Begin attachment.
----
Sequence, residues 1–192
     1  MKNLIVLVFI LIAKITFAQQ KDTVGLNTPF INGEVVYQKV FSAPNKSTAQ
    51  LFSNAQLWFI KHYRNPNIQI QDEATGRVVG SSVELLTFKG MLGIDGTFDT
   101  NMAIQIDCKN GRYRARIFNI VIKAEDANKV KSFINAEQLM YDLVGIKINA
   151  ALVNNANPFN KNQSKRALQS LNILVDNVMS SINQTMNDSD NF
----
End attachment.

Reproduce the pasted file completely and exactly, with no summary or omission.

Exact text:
Sequence, residues 1–192
     1  MKNLIVLVFI LIAKITFAQQ KDTVGLNTPF INGEVVYQKV FSAPNKSTAQ
    51  LFSNAQLWFI KHYRNPNIQI QDEATGRVVG SSVELLTFKG MLGIDGTFDT
   101  NMAIQIDCKN GRYRARIFNI VIKAEDANKV KSFINAEQLM YDLVGIKINA
   151  ALVNNANPFN KNQSKRALQS LNILVDNVMS SINQTMNDSD NF